Sound Check

No Doubt pulls “Looking Hot” video: Five controversial music videos banned for their content

Gwen Stefani in the controversial video

On Nov. 2, No Doubt's latest music video, "Looking Hot," which was filled with Native American references, led to a backlash and the removal of the clip from all online sources.

See more: No Doubt pulls controversial video after complaints

The band issued an apology on Nov. 3 via their website that read in part, "As a multi-racial band our foundation is built upon both diversity and consideration for other cultures…We sincerely apologize to the Native American community and anyone else offended by this video.  Being hurtful to anyone is simply not who we are."

However, "Looking Hot" isn't the first music video to be taken down after it was deemed too controversial.

Here are five videos that were all banned based on their content:

*WARNING: All videos contain graphic content and may offend some viewers. *

1. M.I.A. "Born Free"
Released in 2010, this video by U.K. artist M.I.A., which was directed by Romain Gavras, was denied posting on YouTube for its scenes of violence and depiction of red-headed men being rounded up by officers wearing American flags.

See more: No Doubt apologizes to Native Americans for Wild West video

"F-CK UMG WHO WONT SHOW IT ON YOUTUBE!" the 37-year-old singer tweeted after the clip was denied, blaming her label, Universal Music Group. However, as Billboard points out, M.I.A later admitted that it wasn't her label's fault.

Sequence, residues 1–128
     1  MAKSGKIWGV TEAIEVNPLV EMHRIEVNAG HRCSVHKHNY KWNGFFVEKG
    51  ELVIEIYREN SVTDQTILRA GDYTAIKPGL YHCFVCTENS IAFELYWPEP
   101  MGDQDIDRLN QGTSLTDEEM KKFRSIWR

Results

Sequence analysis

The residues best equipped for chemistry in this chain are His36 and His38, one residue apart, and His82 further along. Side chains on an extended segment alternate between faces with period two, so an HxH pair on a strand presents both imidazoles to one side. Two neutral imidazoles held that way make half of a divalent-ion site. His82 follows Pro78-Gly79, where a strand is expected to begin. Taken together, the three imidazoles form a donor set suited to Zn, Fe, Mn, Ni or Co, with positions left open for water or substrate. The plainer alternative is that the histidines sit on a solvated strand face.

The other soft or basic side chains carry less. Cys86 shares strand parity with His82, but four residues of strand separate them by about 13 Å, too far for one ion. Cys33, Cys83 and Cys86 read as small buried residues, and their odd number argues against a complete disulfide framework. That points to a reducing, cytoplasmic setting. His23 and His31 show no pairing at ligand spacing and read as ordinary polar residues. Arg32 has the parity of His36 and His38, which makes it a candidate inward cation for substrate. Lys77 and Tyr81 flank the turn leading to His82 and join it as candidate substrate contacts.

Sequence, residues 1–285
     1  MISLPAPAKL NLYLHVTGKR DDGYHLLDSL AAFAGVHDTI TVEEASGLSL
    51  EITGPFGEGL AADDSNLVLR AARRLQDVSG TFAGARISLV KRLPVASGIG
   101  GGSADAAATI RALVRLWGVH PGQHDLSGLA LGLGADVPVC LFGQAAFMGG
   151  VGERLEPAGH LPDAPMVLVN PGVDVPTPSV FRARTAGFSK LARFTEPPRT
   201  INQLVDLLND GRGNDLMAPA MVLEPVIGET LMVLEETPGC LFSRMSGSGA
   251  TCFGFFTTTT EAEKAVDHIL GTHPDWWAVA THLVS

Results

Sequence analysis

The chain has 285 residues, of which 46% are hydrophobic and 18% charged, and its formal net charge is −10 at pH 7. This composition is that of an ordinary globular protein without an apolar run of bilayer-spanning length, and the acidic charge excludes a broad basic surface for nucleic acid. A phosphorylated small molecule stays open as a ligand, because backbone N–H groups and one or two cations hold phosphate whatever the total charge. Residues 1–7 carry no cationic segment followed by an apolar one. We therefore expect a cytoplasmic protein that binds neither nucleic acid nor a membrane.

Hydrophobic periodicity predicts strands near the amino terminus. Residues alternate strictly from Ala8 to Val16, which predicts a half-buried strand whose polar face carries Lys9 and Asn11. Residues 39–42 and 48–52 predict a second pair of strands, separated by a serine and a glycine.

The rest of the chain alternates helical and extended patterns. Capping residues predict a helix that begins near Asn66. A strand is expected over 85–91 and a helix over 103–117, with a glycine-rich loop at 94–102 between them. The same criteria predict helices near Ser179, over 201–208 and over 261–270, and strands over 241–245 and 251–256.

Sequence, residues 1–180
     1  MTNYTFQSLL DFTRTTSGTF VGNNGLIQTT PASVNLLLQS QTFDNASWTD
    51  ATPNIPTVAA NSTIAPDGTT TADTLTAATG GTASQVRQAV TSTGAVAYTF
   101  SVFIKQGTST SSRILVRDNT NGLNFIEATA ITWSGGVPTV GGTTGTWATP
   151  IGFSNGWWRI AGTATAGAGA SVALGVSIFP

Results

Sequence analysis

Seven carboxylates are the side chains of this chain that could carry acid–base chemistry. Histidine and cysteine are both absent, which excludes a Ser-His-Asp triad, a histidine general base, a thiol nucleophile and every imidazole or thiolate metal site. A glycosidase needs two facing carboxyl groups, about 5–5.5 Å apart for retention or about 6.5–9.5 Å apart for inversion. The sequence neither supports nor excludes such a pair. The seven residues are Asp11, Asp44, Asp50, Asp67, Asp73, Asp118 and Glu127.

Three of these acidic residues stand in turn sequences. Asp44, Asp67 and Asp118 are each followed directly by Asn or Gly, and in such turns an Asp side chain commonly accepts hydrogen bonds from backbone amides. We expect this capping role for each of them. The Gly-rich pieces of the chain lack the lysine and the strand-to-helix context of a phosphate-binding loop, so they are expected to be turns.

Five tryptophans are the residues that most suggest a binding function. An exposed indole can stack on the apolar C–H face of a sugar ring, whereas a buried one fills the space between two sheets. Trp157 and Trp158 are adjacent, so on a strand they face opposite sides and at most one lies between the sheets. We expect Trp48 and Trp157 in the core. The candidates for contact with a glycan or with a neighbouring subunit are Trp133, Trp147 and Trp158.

2. Justice "Stress"
Paris-based electronic music duo Justice debuted their Gavras directed clip "Stress" in 2008, only to have it banned by French television for its alleged racist nature.

See more: Ontario doctor directs Tragically Hip video

"No, we were expecting some fuss obviously, but definitely not on those topics, such as racism," band member Gaspard Augé said. "We wanted to make something very far from our universe, just because the song was different from 'D.A.N.C.E.' and the other gentler, hippy tracks, you might say. We were looking for something violent because the song is violent."

3. Mötley Crüe, "Girls, Girls, Girls"
Heavy metal band Mötley Crüe's clip for "Girls, Girls, Girls," was banned by MTV for nudity in 1987.

4. Eminem "Just Lose It"
Taking a shot at Michael Jackson, Eminem released this music video in 2004 featuring the rapper dressed as the late King of Pop and singing lyrics like, "Come here little kiddies/On my lap/Guess who's back with a brand new rap?/And I don't mean rap as in a new case of child molestation accusation."

See more: Jackson, Elvis Presley top-earning dead musicians

After it debuted, Jackson asked that the clip be pulled and television network BET followed suit. In addition, Jackson's representative Ramone Bain said, "Michael feels the video is disrespectful and offensive. It's one thing to spoof someone, it's another to be completely insensitive and disrespectful."


5. Madonna "Justify My Love"
According to Entertainment Weekly, MTV banned Madonna's 1990 clip "Justify My Love" for its too hot for television content showcasing elements of sadomasochism, voyeurism, and bisexuality.

Follow me on Facebook and Twitter @GraceS35

Editor's Picks